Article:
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Zepfreak

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  1. Saw Robert and company for the first time last night in Columbus. One word: awesome. I was grinning ear to ear all night. The show was far from sold out, which really surprised me, but the crowd was very appreciative. For me, the highlights of the show were "Black Country Woman", "Harm's Swift Way", and "In the Mood". I love Darrell Scott's voice. I'll have to check out his other work. If you go to a show, definitely get there in time to see the North Mississippi All-Stars, they were great. When the lead singer/guitar player went over to play the drums, I thought "WTF". Very talented couple of guys there. Here's the setlist: Black Dog Down To the Sea Angel Dance What Is And What Should Never Be House of Cards Buddy Miller song Monkey Darrell Scott song Satan Your Kingdom Must Come Down Patty Griffin song Black Country Woman In The Mood Please Read The Letter Misty Mountain Hop Ramble On Encore: Harm's Swift Way Gallows Pole I haven't seen anyone take requests, but I did go to a Black Crowes concert once in which the crowd persuaded them to play one more song (and this was after a 3-hour set!). They had done their encores and the music to indicate the show was over came on and everybody in the pit started chanting "one more song! one more song!". Pretty cool. That was in Columbus as well.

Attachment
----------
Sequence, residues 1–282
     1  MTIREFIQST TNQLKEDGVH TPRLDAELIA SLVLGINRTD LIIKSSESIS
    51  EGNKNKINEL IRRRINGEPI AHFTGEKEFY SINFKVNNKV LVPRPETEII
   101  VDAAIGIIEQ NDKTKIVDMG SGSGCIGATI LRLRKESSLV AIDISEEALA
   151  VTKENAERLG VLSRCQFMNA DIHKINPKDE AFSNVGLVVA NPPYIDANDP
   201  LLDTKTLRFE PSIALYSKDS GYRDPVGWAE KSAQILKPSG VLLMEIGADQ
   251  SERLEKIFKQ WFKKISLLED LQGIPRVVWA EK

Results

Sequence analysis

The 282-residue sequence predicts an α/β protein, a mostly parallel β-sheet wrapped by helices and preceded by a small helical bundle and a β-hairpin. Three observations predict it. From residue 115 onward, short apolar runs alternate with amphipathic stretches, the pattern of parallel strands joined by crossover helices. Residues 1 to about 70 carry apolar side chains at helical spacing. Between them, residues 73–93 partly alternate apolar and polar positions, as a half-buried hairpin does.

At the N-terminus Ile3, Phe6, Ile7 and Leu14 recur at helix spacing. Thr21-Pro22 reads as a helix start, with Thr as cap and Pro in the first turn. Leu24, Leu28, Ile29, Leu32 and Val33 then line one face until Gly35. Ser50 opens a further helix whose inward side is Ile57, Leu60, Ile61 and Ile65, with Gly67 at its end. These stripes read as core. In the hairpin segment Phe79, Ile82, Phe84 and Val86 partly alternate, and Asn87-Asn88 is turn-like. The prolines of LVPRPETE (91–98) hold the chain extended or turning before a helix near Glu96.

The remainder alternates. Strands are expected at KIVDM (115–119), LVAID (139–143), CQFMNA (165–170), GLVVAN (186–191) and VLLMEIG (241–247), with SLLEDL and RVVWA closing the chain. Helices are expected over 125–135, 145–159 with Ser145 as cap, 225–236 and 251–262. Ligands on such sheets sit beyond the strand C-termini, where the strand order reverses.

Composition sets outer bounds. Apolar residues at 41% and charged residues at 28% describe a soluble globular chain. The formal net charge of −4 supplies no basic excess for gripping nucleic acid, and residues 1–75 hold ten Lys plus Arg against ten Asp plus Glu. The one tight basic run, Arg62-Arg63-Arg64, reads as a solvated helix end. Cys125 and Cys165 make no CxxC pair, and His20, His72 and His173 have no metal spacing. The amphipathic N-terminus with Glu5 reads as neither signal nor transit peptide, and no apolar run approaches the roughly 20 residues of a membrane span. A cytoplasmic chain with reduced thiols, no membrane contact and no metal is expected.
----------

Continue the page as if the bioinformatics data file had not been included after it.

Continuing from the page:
2. As has been said, Ann and Nancy Wilson are big fans of Zeppelin. I've been to three Heart concerts and they've played at least one Zeppelin cover at each. The last concert I went to earlier this year, they played "Immigrant Song" and "Going to California". Also, they selected three songs to be played over the PA system before they went on stage..."Another Brick In the Wall", "For the Benefit of Mr. Kite", and "Whole Lotta Love". "Barracuda" is obviously heavily influenced by "Achilles Last Stand". By the way, Heart still sounds great in concert. At the last Heart show I was at, Ann Wilson gave what is almost unquestionably the best vocal performance I've heard in person and I've been to quite a few concerts. Here's a clip from a show last year: Watch around the 2:20 mark.